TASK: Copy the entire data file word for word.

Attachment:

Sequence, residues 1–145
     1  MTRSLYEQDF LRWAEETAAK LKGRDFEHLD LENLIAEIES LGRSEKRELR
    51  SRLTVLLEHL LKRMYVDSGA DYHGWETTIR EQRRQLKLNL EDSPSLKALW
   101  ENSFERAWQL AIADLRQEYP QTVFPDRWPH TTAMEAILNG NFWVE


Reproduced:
Sequence, residues 1–145
     1  MTRSLYEQDF LRWAEETAAK LKGRDFEHLD LENLIAEIES LGRSEKRELR
    51  SRLTVLLEHL LKRMYVDSGA DYHGWETTIR EQRRQLKLNL EDSPSLKALW
   101  ENSFERAWQL AIADLRQEYP QTVFPDRWPH TTAMEAILNG NFWVE